Student Theses and Dissertations
Date of Award
Doctor of Philosophy (PhD)
Genetic polymorphism of the secreted lipid transporter apolipoprotein E (APOE) plays important roles in the development of atherosclerosis and Alzheimer’s disease. More recently, three common APOE alleles have been implicated as modulators of melanoma progression and survival. Melanoma patients born with a copy of the APOE4 allele exhibit improved disease survival and responses to immunotherapy. Conversely, APOE2 allele carriers experience substantially worsened survival outcomes compared to APOE4 carriers and APOE3 homozygotes. These survival differences are partly governed by effects on the immune system, as the APOE4 genotype augments anti-tumor immunity. However, APOE variants also exert direct suppressive effects on melanoma cell metastatic behavior in an APOE4>APOE3>APOE2 order of potency. The molecular processes underlying the melanoma cell-intrinsic response to APOE variants are poorly characterized. In this thesis I describe the generation and characterization of a genetically engineered mouse model for melanoma that expresses each of the human APOE alleles. I show that this autochthonous model closely recapitulates the APOE2>APOE3>APOE4 order of melanoma progression observed in human patients. Transcriptomic analysis of tumors derived from this genetic model revealed upregulation of mRNA translation in APOE2 melanomas relative to APOE4 melanomas. After experimental examination of the effects of APOE variants on melanoma translational efficiency, I report the discovery that APOE2 acts in a gain-of function manner to enhance pro-tumorigenic protein synthesis in melanoma cells. Melanoma cell-specific deletion of the APOE receptor LRP1 in the genetic mouse model abolished differences in tumor growth, metastasis, and protein synthesis between the APOE2 and APOE4 genotypes, thus revealing a melanoma cell-intrinsic APOE2/LRP1 axis that serves to promote melanoma progression. Analysis of a melanoma patient RNA-Seq dataset demonstrated upregulation of mRNA translation processes in APOE2 patient tumors, thus providing clinical relevance for these findings. Altogether, this thesis identifies a potentially therapeutically targetable pathway in melanoma and reveals a novel gain-of-function role of the APOE2 allele, which may have implications for other diseases impacted by APOE genetics.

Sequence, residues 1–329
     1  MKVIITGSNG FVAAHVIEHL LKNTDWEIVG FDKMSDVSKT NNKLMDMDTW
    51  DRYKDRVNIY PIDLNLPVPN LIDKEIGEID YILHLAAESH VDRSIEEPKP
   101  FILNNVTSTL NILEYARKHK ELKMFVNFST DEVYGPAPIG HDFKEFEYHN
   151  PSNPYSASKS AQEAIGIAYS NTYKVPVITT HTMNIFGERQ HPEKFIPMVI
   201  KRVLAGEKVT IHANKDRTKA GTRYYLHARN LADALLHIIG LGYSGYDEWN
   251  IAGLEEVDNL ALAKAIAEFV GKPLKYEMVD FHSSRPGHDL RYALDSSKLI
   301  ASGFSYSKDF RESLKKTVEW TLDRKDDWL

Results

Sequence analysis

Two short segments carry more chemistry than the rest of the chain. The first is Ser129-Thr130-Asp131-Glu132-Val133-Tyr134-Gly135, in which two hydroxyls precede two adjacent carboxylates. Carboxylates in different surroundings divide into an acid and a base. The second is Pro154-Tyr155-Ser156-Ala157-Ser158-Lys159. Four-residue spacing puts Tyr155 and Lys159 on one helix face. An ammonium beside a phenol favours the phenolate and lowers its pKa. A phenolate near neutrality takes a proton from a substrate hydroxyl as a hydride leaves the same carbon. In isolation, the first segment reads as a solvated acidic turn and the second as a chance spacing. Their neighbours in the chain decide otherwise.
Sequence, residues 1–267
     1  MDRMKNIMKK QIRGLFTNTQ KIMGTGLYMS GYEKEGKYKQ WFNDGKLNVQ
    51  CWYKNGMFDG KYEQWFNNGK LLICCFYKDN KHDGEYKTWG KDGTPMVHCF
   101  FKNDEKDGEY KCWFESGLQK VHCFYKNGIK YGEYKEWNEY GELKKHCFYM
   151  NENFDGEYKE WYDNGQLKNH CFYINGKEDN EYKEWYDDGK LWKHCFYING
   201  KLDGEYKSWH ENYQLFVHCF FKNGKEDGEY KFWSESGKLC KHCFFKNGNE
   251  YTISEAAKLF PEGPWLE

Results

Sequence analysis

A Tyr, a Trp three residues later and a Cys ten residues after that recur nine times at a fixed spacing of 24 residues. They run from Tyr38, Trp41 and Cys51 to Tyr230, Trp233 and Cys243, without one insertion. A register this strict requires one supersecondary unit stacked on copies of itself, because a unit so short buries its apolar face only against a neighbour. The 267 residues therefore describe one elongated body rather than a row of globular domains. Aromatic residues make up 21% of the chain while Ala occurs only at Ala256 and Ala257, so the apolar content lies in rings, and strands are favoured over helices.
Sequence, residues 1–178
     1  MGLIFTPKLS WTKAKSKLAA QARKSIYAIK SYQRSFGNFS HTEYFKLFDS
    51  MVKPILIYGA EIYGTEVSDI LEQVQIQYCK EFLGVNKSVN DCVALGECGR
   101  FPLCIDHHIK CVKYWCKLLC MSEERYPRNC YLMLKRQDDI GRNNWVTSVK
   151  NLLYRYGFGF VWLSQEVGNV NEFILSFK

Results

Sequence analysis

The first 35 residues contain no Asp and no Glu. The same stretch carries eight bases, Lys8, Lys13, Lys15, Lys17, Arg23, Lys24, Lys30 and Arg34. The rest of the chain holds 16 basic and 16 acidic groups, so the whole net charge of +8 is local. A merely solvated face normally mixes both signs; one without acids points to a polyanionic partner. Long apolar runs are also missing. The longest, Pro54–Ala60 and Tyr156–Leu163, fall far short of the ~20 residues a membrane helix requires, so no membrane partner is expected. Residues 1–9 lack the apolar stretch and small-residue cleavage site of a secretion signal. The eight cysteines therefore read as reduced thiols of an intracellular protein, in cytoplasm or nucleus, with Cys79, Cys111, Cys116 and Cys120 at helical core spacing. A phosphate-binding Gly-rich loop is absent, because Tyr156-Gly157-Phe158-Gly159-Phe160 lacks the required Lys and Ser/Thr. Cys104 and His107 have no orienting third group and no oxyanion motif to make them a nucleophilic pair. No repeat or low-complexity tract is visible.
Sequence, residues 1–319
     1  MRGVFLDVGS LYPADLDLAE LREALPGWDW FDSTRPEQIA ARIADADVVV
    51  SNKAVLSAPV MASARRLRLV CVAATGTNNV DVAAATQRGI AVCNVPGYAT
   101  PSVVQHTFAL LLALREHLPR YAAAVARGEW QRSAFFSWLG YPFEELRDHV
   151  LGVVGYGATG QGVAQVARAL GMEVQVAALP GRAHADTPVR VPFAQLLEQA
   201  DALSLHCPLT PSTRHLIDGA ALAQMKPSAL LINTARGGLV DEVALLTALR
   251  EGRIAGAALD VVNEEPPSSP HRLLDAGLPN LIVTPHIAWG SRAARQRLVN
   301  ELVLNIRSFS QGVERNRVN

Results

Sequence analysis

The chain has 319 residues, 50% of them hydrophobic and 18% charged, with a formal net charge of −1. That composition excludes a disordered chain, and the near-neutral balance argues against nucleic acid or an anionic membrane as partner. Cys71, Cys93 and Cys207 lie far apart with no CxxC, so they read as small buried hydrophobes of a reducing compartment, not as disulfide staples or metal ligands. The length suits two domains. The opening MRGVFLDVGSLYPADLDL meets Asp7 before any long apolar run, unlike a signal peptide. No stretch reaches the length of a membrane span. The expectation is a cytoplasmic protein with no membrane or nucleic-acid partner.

Adaku, Nneoma, "A Gain-of-Function Role of Apolipoprotein E2 in Melanoma Progression" (2023). Student Theses and Dissertations. 721.
A Thesis Presented to the Faculty of The Rockefeller University in Partial Fulfillment of the Requirements for the degree of Doctor of Philosophy